• Vogue & Domestic Violence: Some campaigners say vogue are glamourising and minimising it! – Tina Royles Domestic Violence Expert

    April 4, 2014

    Domestic Violence Advice


    When you think of the magazine VOGUE you wouldn’t necessarily think of controversy, but thats exactly what VOGUE have sparked by covering the issue of domestic violence. The feature shows a woman who has been injured, covered in blood frightened, with a male standing at the top of the stairs and the photo insinuates that the male has assaulted the woman. In another photo a woman lies on the floor with blood coming from her head forming in a pool of blood on the floor, seemingly motionless, whilst a male sits in an armchair nearby.

    According to some national newspapers there are some domestic violence campaigners who express concern that VOGUE are glamourising domestic violence and minimising it – as the models in the photo shoot are wearing expensive clothing, and there is fake blood. Maybe there is an element of poetic licence going on with the reporting of their views, but if these comments are true, my question would be simple: ‘Seriously’?

    There were similar outcries when Women’s Aid ran their celebrity campaign a few years ago when celebrities wore make up to depict injuries – again some complained that this was trivialising and making a mock of domestic violence. What it was actually doing was raising awareness and using the status of the celebrities to open the issue up to a perhaps new audience. Again this could only be a positive thing as it would raise awareness and even if one victim got help because of it that would be a good thing.

    In relation to the VOGUE images – this is what scenes of far too many domestic violence incidents look like. Take away the fact that these are models and that the photo shoot has been staged (because of course it would have to be in order to highlight the ‘graphicness’ and ‘horror’ of it all), or what they are wearing (incidentally what they are wearing does play a play because it also shows that victims of domestic violence are also affluent – because domestic violence doesn’t fit into any stereotypical form – it crosses all boundaries and social classes), this is about raising the awareness of domestic violence which can only be a positive thing.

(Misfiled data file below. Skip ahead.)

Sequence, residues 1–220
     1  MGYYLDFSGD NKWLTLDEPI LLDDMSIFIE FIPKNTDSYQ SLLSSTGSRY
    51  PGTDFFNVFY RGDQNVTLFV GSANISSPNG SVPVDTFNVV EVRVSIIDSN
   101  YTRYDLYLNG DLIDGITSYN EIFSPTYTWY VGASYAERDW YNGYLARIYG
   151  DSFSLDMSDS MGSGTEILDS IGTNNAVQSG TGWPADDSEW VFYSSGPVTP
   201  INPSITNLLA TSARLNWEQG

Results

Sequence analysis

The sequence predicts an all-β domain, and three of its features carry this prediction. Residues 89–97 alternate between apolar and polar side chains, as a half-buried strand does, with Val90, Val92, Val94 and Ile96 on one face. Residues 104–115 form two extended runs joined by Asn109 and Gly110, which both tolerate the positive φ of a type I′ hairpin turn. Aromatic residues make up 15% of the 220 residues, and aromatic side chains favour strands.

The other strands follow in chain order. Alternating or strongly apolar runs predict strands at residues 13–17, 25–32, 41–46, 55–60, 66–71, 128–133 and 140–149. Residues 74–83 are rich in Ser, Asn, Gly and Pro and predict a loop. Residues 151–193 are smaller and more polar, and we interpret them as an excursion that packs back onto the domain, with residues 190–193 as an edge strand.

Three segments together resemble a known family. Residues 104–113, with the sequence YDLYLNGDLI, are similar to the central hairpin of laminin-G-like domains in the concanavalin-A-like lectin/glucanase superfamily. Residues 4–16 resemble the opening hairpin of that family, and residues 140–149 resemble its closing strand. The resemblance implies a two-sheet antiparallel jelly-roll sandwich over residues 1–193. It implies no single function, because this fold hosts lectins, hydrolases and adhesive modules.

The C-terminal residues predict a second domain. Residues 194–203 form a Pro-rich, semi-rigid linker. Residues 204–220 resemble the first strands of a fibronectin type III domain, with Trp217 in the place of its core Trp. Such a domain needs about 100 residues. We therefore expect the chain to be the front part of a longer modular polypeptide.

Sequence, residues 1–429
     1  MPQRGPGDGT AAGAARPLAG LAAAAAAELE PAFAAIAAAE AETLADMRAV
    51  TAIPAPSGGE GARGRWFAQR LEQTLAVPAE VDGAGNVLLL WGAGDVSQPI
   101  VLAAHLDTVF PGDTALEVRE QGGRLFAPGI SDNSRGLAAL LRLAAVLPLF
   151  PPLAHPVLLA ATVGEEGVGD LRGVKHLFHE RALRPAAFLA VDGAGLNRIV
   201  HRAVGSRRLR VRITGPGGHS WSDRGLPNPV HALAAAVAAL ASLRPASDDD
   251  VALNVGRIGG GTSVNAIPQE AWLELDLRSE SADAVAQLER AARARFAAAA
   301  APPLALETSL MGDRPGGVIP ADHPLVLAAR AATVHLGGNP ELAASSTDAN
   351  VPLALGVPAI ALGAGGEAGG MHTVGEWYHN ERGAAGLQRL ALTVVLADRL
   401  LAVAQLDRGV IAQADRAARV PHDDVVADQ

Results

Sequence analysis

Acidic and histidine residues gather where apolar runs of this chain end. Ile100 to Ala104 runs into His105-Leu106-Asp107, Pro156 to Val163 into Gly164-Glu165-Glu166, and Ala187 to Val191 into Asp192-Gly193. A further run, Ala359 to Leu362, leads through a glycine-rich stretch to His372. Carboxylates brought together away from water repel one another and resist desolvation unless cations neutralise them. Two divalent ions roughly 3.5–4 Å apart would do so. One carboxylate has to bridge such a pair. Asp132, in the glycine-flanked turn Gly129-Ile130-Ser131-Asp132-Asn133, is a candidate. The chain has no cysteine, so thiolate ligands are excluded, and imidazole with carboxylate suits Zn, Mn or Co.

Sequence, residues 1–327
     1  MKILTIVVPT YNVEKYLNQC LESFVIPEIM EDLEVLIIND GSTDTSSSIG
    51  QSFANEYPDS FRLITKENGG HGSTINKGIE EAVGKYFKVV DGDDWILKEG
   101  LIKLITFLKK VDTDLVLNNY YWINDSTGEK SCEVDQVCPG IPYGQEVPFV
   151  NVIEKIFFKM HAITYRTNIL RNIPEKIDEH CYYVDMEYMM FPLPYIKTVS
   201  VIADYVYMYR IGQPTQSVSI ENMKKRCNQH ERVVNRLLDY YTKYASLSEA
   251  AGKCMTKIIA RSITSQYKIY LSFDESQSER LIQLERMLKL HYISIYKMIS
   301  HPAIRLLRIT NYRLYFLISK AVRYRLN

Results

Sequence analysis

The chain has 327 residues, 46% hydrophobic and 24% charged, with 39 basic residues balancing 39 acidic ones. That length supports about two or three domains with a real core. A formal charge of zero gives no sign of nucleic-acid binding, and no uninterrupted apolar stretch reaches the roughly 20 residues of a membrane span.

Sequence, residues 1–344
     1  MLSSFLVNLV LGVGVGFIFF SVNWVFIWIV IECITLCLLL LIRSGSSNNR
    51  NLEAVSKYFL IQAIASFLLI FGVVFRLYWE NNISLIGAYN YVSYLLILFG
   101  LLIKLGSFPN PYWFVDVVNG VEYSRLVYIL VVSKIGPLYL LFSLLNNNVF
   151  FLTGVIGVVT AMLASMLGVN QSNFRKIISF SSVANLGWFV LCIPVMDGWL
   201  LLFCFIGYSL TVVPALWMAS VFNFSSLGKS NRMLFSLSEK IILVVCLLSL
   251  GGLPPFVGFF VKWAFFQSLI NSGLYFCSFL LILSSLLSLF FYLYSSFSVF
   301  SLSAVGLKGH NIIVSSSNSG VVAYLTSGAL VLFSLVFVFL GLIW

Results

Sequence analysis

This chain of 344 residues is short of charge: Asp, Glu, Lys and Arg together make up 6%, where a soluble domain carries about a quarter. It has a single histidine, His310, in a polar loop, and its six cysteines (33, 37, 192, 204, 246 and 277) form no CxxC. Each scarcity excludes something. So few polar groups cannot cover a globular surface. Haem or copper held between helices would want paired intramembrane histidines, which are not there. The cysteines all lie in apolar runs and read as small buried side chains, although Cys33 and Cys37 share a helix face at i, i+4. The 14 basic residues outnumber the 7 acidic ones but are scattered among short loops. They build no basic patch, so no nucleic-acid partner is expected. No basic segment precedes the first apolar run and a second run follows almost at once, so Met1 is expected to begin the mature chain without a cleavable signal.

Domestic violence isn’t pleasant for those involved, it is also harrowing for those professionals such as the police who attend such scenes and see images like what are depicted in these photos. 

    What VOGUE have done is try to bring this issue to a different audience – their audience.

    What has been apparent to me over the years is that most people don’t like being faced with images of what domestic violence is actually like. Some turn away and don’t want to see or hear, others are ok with minimal details but don’t want to hear any more than that. But this is reality for ‘victims’ of domestic violence. It is about time society ‘woke’ up to the horrifying extent and graphicness of it all, because then perhaps some agencies and politicians would stop trying to score points and actually all pull together to make a real difference for those involved.

    For many victims of domestic violence their situation is like living in a real ‘horror movie’

    My views don’t come from standing on the peripheral and making sweeping statements, they come from not only seeing this ‘horror movie’ far too many times from a professional perspective as a former police officer of 16 years, and one who specialised in domestic violence, but also from a personal perspective of being a victim too.

    I say WELL DONE VOGUE for raising the awareness, and for attempting to open up the audiences eyes.

    For more information on the feature please see the following link:



    About Tina Royles

    Connet with me: Google+ Tina Royles is the UKs leading expert in domestic violence offering Domestic Violence Counselling, Relationship Counselling and Anger as well as Stress Management Counselling. She is one of the UK’s most qualified and experienced domestic violence experts providing consultancy and advice to those who have suffered domestic violence, are currently in violent relationships or to friends and family of those affected. Tina provides the materials and tools to manage relationship difficulties and domestic violence through awareness and education and is regularly called upon by the national and local press to provide expert comments on high profile cases. Tina Royles

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